How to Teach a Dog to Fetch a Frisbee

Frisbees are fun for both humans and their dogs! Here, again, some dogs will take to it quite naturally, while others won’t have a clue what to do with a frisbee. The first think you can try is just throwing the frisbee and seeing what your dog does. Does he try to chase it? Then you’re already half way there! Does he just watch it fly away, then you’ll have to teach him how the game works.

Before playing frisbee with your dog, be sure to use a flying disc especially created for dogs. A regular frisbee, made for humans, is hard and could easily damage your dog’s teeth. Look for frisbees made for dogs—these will be made of material that has a little give. They won’t hurt your dog’s mouth or his teeth. Now you’ve got the right toy, you’re ready to begin.

Before you start teaching your dog this fun new game, first introduce him to the new toy. Some dogs will want the frisbee right away, while others will be more hesitant. If your dog is hesitant, then try using an incentive for him to take it. Use a treat, affection, or whatever reward works best for your dog to gain his interest in the flying disc.

From here, the method is the same as outlined above—teach your dog to chase the frisbee and return it. Once he catches on to this new game, you can both enjoy it. Eventually maybe your dog can be taught to jump in midair to catch his flying toy! Or he may do it naturally! Just have fun! This is how to teach a dog to fetch a frisbee.

How to Train Your Dog to Fetch a Beer

You’ve probably seen this on TV—a guy sits in his easy chair watching TV and signals to his dog that he wants a beer. The dog understands and bring a beer back for his owner!

Can you train your own dog to fetch you a beer? Yes!

1). Holding and carrying the can: first, you need to get your dog used to holding and carrying the can in his mouth. Most dogs will do this just fine—it’s a natural action for most dogs.

2). Fetching and retrieving: make sure your dog knows how to play fetch and retrieve—this is important! Otherwise, you’ll be chasing your dog down for the beer!

3). Retrieving a beer: place a can on the floor next to your refrigerator. Let your dog know he’s supposed to pick up the can and bring it to you. You can use a command such as “bring me a beer.” Do this over and over until your dog understands he’s supposed to bring you the beer can.

4). Opening the refrigerator door: tie a towel or rope on the door handle of your fridge. These are easier for your dog to grab onto. The door handle’s hard and could damage his teeth. Get your dog to tug on the towel or rope. When he manages to open the door, use your clicker to signal and then reward your pup for doing the right thing. Once he manages to open the door, have a snack ready on the bottom shelf of the fridge, and let him take the snack as a reward. Do this over and over until your pup understands he needs to open the door of the fridge.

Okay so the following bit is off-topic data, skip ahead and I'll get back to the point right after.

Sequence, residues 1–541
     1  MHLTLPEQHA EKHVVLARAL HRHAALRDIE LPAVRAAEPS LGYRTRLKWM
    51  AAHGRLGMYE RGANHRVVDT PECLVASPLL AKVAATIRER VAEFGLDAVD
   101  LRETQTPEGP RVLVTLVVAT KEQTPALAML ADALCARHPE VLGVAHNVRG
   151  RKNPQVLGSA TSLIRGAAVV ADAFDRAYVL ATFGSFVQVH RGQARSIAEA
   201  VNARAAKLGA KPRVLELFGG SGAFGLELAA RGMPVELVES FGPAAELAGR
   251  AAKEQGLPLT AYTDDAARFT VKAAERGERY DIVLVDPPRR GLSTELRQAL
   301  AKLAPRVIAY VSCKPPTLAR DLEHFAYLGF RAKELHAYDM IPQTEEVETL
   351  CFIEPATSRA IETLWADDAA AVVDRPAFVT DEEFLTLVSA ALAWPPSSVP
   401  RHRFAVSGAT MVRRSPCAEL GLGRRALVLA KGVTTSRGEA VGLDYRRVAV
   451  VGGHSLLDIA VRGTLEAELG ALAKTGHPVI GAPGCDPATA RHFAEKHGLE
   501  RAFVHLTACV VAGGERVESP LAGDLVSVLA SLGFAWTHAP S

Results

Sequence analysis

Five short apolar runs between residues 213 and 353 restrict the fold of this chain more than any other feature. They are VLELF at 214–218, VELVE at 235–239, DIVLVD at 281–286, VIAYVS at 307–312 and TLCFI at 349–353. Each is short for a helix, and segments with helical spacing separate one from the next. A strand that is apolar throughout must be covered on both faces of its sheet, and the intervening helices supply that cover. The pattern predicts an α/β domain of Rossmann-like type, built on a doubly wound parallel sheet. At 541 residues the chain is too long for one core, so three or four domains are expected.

5). Getting the beer: now your dog knows to open the door and get something inside, replace the dog’s snack with a can of beer. You’ll have to make sure he understands it’s OK to grab the can of beer—you may have to have a snack ready as a reward for when he grabs the can. Again, repeat this process until your pup understands it’s OK to grab the can of beer.

6). Bringing the beer: once your dog grabs the beer, now you can teach him to bring it to you. You might start out standing just a little way from the fridge and calling your dog to you. When he brings the can, have him give it to you by using a command such as “drop it” or “give it”—whatever works best. Each time your dog does this, reward him with a treat. Continue this process by standing farther away from the fridge each time and rewarding your pup, until finally he’s bringing your beer to you in the living room, etc.

Again, be patient. It may take a while before your pup understands how to play this new “game!” This is how to teach your dog to fetch a beer.

Train Your Dog to Fetch Newspaper or Teach Dog to Bring Slippers

You can train your dog to fetch other objects, too! Some owners like to teach their dogs to fetch newspapers or slippers. Is this OK? Sure, as long as your dog enjoys playing and receives a reward for good behavior.

Train your dog to fetch newspaper using the methods above. The same will work to teach dog to bring slippers. The object is make the game fun for your dog!

Training your dog to play fetch may take some time—be patient. The rewards of playing fetch with your dog are hours of fun together, and a pup who will bring you a cold beer on a hot day, or bring slippers to warm your feet in the winter!

 

(Visited 266 times, 1 visits today)

Tom

Tom has always loved to write since he was little - he wanted to be either a writer or a veterinary doctor, but he ended up being a professional writer while most of his works are based on animals. He was born in San Francisco but later moved to Texas to continue his job as a writer. He graduated from the University of San Francisco where he studied biotechnology. He is happily married and a soon to be father!
[class^="wpforms-"]
[class^="wpforms-"]